Lending A Hand To ‘Kaua‘i’s Bird’

Shearwaters are ‘cool little birds’. Tracy Anderson photo

This is the season when Newell’s Shearwater fledglings begin making their way to the sea, and Garden Islanders can help when they fall

The light of the moon and the stars naturally guide Newell’s Shearwater fledglings from the mountains to the sea every year, from mid-September to mid-December.

However, when the moon is new or the sky is filled with clouds, these endangered native seabird babies become disoriented by artificial lights. In an attempt to reach the sea for the first time in their lives from steep cliffs and deep foliage in the central part of the island, they become distracted, circling the lights until they fall to the ground in exhaustion. Without the proper wind and conditions to take off again, they become vulnerable to dangers such as vehicles and predators.

The state recognized the issue some 30 years ago and established the Save Our Shearwaters program in an effort to help. The program encourages people to pick up any downed fledglings they may come across and bring them to aid stations located around the island, where people such as Tracy Anderson come to their rescue.

Anderson, Save Our Shearwaters program coordinator, and her small team either release the birds right away or nurse them back to health at their rehabilitation center at Kaua‘i Humane Society in Puhi.

When the birds enter the rehabilitation program, which can last from a few days to a few weeks, they are treated for ailments including dehydration, malnourishment, head injuries and broken bones.

Making sure the Newell’s Shearwaters’ feathers are waterproof also is of utmost importance, since their feathers are their only protection from the cold ocean water, and their down insulates them and provides warmth.

“Somebody needs to do it, and the need is there to do it,” says Anderson.

“They’re really cool little birds and worth saving.”

Approximately 90 percent of the endemic species’ entire population now exists only on Kaua‘i, a place they have called home for thousands of years. Prior to human arrival, the islands were covered with seabirds. In fact, the birds helped make the islands as lush as they are by digging out their burrows through lava rock, turning and fertilizing the soil.

“They helped to make these islands as beautiful and green and as fertile as they are,” Anderson says.

They also were helpful to Polynesians when they arrived in the Islands, as the birds helped direct them to fish.

“If we let them go to extinction, our biodiversity is lost,” says Anderson. “They’re special — they’re Kaua‘i’s bird.”

One of the qualities that make the Newell’s Shearwater, which is thought to have a life span of about 30 years, so special is its ability to live mostly at sea, returning to land only to nest. They also spend four or more years in the open ocean after fledging.

These seabirds have the ability to survive without fresh water, as they are part of the tube-nose family, meaning they not only have a developed sense of smell that most birds do not, they also have specialized salt glands in their heads which filter their blood and excrete a saline solution that drips from their tubes.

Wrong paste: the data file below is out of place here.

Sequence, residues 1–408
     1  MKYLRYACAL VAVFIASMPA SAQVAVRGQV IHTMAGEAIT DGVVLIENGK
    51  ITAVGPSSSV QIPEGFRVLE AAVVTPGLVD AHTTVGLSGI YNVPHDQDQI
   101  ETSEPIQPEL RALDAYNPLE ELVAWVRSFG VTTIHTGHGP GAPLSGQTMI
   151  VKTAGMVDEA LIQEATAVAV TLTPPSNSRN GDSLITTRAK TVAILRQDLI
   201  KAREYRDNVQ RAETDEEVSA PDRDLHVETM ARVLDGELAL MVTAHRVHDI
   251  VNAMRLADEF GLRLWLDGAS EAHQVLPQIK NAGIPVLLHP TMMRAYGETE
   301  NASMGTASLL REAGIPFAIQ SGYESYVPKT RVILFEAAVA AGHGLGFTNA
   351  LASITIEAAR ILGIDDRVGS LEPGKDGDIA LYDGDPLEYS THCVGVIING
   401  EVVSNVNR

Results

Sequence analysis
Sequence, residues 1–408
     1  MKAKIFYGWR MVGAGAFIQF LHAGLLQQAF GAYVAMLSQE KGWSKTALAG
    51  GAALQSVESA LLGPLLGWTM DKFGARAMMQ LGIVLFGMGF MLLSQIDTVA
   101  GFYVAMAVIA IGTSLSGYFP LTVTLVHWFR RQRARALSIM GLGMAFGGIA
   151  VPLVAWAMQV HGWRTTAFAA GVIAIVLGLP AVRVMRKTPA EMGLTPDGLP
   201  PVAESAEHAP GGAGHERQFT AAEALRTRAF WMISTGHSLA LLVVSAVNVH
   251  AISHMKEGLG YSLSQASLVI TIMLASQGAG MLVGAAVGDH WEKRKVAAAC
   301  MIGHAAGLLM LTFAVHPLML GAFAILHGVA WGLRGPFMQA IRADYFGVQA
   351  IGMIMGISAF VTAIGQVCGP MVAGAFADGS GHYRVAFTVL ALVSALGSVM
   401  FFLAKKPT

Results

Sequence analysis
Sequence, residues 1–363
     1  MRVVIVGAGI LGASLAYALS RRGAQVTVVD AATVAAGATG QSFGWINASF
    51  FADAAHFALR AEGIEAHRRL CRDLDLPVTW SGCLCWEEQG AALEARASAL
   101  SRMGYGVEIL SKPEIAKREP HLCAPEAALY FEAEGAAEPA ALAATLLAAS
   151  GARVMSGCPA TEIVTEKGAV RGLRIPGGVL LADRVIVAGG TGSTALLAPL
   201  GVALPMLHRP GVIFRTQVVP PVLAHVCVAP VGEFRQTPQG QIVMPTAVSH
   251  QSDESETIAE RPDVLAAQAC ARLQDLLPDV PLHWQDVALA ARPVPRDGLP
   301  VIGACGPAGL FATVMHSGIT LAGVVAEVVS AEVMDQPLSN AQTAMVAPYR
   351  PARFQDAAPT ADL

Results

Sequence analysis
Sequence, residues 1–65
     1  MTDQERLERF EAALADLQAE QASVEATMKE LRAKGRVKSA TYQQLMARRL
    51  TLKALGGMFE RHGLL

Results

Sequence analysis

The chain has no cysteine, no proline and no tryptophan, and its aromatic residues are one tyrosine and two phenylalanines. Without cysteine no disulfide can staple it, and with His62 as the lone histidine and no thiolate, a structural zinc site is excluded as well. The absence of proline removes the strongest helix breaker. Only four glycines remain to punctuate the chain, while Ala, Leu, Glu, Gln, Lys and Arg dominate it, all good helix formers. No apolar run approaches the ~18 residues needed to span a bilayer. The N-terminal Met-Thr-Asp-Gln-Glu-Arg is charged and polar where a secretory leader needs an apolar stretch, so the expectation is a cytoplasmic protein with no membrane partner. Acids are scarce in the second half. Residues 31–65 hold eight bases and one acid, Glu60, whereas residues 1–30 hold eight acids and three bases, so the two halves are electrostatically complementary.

In addition, the Newell’s Shearwater (called ‘a‘o in Hawaiian) can dive some 30 to 42 feet for fish, with the deepest recorded dive being more than 150 feet underwater.

“That’s a long way for a small bird to go,” says Anderson, who has been a wildlife rehabilitator for 17 years and has worked with other birds such as eagles and trumpeter swans.

Sadly, a serious toll has been taken on these fascinating birds. Their numbers have declined dramatically in recent decades, and because they only lay one egg each year, which both parents incubate and raise, they have not been able to recover fast enough.

Tracy Anderson with a young Newell’s Shearwater that suffered head trauma. Coco Zickos photo

Their population also is likely on the decline because of the increase of introduced predators such as dogs and cats, as well as overfishing.

“But the lights are something we can control, so we can help these guys get back out to sea where they belong,” says Anderson, who urges people to make compassionate changes, including not keeping outside lights on unnecessarily and drawing curtains and blinds at night to shield indoor lighting.

Nonetheless, because of the Save Our Shearwaters program, it has been estimated that more than 30,000 birds have been collected since its inception, of which more than 90 percent have been released.

If a downed bird is found, it can be wrapped in a clean towel or picked up with clean hands — without lotion, insect repellent or sunscreen — and taken to the nearest aid station, and with information on the time and place the bird was discovered.

“At this time of year, if you live here, it’s a good idea to keep a clean box and clean towel in your car,” says Anderson.

The birds are picked up at the aid stations every day, and if it so happens that a bird is placed in one after the regular pickup time (noted at the station), Anderson asks that people contact the program so that the birds do not have to spend another 24 hours at the station.

“I enjoy releasing a bird that I know has a good chance of surviving in the wild and coming back to breed,” says Anderson.

Visit https://kauaihumane.org/services/saveourshearwaters for more information.


Downed birds can be dropped off at these locations around Kaua‘i:

North Shore
Kilauea Medical Group
Princeville Fire Station
Hanalei Liquor Store

Lihu‘e Fire Station
Kapa‘a Fire Station
Kaiakea Fire Station
Kaua‘i Humane Society

Waimea Fire Station
Hanapepe Fire Station
Kalaheo Fire Station

South Shore
Koloa Fire Station